Their goal: Taking the fear out of prenatal testing
For pregnant women, the prospect of prenatal testing creates both hope and fear. The hope: That they’ll learn the gender of their unborn child and that it will be shown to be developing normally. The risk: That the test itself will create a health risk for them or their baby.
Tami Dennis | UCLA Health/David Geffen School of Medicine | July 25, 2017
For pregnant women, the prospect of prenatal testing creates both hope and fear. The hope: That they’ll learn the gender of their unborn child and that it will be shown to be developing normally. The risk: That the test itself will create a health risk for them or their baby. New UCLA-led research could ultimately remove the fear.
The study, led by Hsian-Rong Tseng, a professor in the department of molecular and medical pharmacology at the David Geffen School of Medicine at UCLA, highlights a potential new way to conduct prenatal testing – one that doesn’t involve invasive sampling or the risk of miscarriage. Instead, the method uses fetal cells collected from the mother’s blood or cervix.
The research, published recently in ACS Nano and supported by the National Institutes of Health, shows promise in the use of cells known as circulating trophoblasts to create a diagnostic test. Circulating trophoblasts are fetal cells shed from the placenta into a woman’s blood early in pregnancy. These cells hold the answers to many of the questions that parents have at that stage of a child’s life. What to do about ear infections comes later.
As described in the journal, the researchers first collected blood from 15 pregnant women, eliminated the red blood cells, then applied the rest of the blood cells to a NanoVelcro microchip they developed themselves. They also attached an antibody to a marker on the cells’ surface.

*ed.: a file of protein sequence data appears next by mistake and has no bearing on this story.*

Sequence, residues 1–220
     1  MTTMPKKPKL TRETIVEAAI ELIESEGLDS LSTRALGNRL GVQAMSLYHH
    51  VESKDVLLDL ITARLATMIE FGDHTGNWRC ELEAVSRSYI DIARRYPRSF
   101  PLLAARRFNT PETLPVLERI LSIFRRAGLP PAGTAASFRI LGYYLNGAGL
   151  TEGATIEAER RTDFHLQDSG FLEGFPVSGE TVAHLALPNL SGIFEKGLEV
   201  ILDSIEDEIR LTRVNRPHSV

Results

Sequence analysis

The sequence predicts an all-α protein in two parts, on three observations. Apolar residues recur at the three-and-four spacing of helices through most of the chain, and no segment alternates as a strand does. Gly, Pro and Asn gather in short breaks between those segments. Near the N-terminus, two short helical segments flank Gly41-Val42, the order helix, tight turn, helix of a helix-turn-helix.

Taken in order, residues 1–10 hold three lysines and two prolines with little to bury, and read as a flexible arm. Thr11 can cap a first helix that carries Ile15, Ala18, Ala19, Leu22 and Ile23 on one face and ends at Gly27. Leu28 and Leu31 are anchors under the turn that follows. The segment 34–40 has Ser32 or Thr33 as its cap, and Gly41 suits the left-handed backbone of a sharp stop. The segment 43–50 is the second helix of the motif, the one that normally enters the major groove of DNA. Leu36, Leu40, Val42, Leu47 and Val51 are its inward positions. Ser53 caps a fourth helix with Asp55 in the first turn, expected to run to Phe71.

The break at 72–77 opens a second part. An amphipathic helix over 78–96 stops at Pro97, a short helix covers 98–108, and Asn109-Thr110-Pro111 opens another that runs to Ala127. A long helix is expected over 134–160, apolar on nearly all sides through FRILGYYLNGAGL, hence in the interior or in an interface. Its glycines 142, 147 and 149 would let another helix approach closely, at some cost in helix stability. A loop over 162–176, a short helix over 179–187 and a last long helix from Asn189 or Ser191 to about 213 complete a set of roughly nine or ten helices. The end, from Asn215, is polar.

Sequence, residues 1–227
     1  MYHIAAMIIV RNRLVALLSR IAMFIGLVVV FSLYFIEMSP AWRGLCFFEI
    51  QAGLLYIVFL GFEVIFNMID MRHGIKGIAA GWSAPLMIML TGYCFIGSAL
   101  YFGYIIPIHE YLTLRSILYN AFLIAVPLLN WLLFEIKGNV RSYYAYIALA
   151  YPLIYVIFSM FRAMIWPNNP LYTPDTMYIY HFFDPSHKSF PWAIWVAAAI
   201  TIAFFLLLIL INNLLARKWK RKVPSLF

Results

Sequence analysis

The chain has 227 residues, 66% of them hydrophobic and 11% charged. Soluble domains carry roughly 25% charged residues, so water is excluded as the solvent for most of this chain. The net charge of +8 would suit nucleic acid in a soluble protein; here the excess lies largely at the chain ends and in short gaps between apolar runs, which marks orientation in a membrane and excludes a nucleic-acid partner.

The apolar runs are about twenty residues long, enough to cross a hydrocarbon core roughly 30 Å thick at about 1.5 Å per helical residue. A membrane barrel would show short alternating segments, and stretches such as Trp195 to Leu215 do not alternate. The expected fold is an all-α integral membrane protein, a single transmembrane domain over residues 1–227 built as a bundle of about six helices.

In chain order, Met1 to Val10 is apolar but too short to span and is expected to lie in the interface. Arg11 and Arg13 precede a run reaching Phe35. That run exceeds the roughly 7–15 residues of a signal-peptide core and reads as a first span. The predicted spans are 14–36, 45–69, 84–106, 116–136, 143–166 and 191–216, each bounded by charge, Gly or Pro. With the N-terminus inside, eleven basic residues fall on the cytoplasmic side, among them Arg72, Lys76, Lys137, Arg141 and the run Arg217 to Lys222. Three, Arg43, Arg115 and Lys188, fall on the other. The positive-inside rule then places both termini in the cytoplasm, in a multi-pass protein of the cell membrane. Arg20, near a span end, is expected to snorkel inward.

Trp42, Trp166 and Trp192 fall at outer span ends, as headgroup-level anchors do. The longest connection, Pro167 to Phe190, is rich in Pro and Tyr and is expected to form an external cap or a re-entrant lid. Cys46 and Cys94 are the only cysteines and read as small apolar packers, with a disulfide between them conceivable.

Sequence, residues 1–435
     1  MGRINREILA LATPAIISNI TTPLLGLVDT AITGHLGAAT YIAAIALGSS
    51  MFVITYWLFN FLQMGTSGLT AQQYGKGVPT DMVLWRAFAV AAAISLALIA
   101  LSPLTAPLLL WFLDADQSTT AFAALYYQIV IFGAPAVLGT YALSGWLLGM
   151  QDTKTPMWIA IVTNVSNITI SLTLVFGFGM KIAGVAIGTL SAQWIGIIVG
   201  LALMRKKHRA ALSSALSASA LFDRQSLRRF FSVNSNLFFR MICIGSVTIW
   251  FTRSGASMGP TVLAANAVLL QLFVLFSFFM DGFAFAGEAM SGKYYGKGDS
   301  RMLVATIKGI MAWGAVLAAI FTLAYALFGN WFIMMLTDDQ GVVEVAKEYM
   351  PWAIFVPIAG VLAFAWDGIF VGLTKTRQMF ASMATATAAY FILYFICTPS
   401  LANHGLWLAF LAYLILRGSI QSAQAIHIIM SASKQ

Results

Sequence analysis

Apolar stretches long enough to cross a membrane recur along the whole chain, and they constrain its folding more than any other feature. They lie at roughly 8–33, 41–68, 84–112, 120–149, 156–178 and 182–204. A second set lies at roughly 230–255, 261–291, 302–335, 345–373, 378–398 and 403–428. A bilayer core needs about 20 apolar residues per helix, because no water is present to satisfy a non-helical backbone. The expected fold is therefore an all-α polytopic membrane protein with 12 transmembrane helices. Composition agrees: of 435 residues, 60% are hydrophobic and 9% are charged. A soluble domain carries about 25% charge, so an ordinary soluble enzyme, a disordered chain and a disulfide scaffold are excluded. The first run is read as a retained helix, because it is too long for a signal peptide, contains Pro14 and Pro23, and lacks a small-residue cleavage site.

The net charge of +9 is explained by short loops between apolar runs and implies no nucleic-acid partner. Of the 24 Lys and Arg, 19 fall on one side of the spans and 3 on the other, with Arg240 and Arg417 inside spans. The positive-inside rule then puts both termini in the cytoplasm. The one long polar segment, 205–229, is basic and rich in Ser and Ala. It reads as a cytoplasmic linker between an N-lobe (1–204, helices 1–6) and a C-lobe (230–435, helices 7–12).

Here’s a description of the impact from 360dx.com:
“The advantage over current non-invasive prenatal testing (NIPTs) that analyze cell-free circulating DNA from the mother’s blood … is that the test would analyze pure fetal DNA without any maternal DNA mixed in and, therefore, likely be suitable for diagnostics, not just screening.”
He and his colleagues prepared their microchips using a nano-imprinting fabrication process that made them easier and faster to make. PhysOrg provides an explanation of that process.
The authors themselves describe it best in the conclusion of their study: “Imprinted NanoVelcro Microchips for Isolation and Characterization of Circulating Fetal Trophoblasts: Toward Noninvasive Prenatal Diagnostics”:
“With appropriate validation in large-scale clinical studies, this cTB-based NIPT holds the potential to evolve into a noninvasive prenatal diagnostics solution.”
Translated from scientific-speak, that means:
We need more studies, but this approach looks extremely promising as a non-risky way to get answers about a fetus’ development.
Mothers-to-be everywhere need that kind of solution.
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